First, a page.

Deadly CO

A renewed manhunt for the invisible killer

The NTSB is frustrated. Year after year, they’ve had to investigate the same airplane crash. It’s a morbid version of Bill Murray’s Groundhog Day. Each time the cause is the same, only the tail number is different.

The groundhog in this case is carbon monoxide (CO). That odorless, colorless, highly toxic gas you learned about in private pilot ground school. That powerplant that moves you through the air also has all that’s required to move you to the next life in an unpleasant manner, because lurking in the exhaust of a reciprocating engine is deadly CO.

Smell exhaust in the cockpit? Assume carbon monoxide is there, too. That’s easy. But sometimes the CO finds its way onto the flight deck without exhaust, where it enters your lungs with stealth that would make a ninja proud. Once there, your own biology works against you. The oxygen-transporting hemoglobin molecules in your blood have a real taste for CO. They’re practically addicted to the stuff. They would much prefer to carry CO than carry oxygen, which, of course, is their job. The result? When they hook up with CO, we end up deficient in oxygen and suffer hypoxia, just as if we were up in the flight levels in an unpressurized cabin with no supplemental oxygen.

But this flavor of hypoxia, which is the most common form of hypemic hypoxia, isn’t like altitude hypoxia in which you can just descend to resolve it. Carbon monoxide sticks to your hemoglobin as if attached with super glue. It takes days to clear, all the while leaving your body oxygen deprived. This can lead to permanent brain and heart damage, among other nasty side effects, which is why you need to seek immediate medical attention if you are—or suspect you have been—exposed to CO.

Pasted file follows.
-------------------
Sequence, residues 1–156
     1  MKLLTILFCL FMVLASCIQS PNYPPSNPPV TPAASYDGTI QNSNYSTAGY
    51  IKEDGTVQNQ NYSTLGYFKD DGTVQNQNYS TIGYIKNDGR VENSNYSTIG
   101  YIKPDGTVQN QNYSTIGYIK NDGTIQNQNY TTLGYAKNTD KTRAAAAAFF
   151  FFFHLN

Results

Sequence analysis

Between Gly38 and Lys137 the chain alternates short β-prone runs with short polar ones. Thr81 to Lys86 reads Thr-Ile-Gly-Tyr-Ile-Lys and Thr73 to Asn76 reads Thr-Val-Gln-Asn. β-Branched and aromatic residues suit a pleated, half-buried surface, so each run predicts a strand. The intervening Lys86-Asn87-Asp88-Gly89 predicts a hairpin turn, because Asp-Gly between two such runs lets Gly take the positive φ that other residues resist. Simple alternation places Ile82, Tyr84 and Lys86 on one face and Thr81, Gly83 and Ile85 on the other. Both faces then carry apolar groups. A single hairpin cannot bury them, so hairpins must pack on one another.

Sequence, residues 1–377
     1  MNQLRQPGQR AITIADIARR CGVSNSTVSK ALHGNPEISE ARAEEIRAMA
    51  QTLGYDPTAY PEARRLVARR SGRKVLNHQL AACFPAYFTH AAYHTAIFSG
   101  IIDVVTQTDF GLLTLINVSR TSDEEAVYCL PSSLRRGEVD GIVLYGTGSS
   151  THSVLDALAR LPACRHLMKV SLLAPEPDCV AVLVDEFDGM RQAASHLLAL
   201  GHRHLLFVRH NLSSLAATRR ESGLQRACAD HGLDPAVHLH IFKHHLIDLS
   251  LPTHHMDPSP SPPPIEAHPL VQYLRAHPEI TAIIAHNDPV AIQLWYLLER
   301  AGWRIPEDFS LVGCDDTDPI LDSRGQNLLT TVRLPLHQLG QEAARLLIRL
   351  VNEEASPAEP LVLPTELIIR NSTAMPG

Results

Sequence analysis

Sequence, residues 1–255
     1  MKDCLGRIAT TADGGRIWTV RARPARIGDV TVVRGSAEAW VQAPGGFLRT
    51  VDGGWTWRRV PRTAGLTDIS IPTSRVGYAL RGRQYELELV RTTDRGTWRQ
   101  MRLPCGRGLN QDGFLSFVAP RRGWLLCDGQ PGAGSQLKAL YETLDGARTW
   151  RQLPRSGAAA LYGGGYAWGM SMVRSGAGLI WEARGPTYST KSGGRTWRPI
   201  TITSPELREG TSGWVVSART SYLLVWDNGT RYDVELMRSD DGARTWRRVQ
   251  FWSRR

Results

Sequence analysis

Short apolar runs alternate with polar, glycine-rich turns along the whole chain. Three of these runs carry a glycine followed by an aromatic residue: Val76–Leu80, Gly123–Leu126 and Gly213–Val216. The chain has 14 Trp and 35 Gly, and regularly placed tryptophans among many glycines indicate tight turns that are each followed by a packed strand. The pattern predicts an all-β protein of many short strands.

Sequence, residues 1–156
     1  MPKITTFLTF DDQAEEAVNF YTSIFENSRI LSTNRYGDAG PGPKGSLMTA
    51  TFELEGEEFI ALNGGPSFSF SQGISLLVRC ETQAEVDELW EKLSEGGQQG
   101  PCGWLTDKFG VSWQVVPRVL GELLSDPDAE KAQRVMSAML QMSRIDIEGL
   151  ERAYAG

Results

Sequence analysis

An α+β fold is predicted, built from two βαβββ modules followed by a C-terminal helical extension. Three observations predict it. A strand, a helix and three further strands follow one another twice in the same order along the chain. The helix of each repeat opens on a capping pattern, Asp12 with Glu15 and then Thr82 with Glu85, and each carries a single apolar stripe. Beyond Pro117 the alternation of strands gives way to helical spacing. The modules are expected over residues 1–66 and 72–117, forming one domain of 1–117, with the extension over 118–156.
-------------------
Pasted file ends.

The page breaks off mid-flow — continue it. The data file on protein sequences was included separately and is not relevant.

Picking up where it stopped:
Of course, like any poisoning, there are warning signs, and the primary symptoms of CO exposure that pilots are taught include headache, dizziness, drowsiness, and nausea. And we’re further taught that once we recognize that we’ve been exposed to CO, we should promptly execute the following steps: Turn off your heater, if on, as most cabin heaters use a shroud that wraps around the exhaust as a heat source, and cracks in the system can pump CO into the cockpit. Next, increase cabin ventilation and go on oxygen, if available. Then descend to a lower altitude, as CO binds to hemoglobin both more readily and more strongly at higher altitudes. Of course, notify ATC about what’s going on, and finally, get on the ground ASAP.

The problem is that the symptoms start off exceedingly mild, and they’re easy to attribute to other causes. And by the time they become severe enough to wake you up to the problem, you’re already highly impaired and can no longer realistically recognize that you are affected. It’s like drinking four glasses of punch at a party before being told it’s 50-percent vodka. Now it’s too late. In the case of CO, your brain will be too muddled for you to fly well. And it can happen fast. If the exposure continues, you’ll literally pass out. And that, as noted, leads to the NTSB showing up—once again—at the scene of a CO crime.

An NTSB review of accidents from 1982 to 2020 attributed 31 accidents and 42 fatalities to carbon monoxide poisoning, and the NTSB estimates more cases may have gone undetected. The NTSB recently issued an aviation investigation report, urging the FAA—for a second time—to require all enclosed-cabin GA airplanes with reciprocating engines be equipped with CO detectors. They also released a Safety Alert YouTube video, written a blog post on the subject, and called on AOPA and the Experimental Aircraft Association to remind their members of the dangers.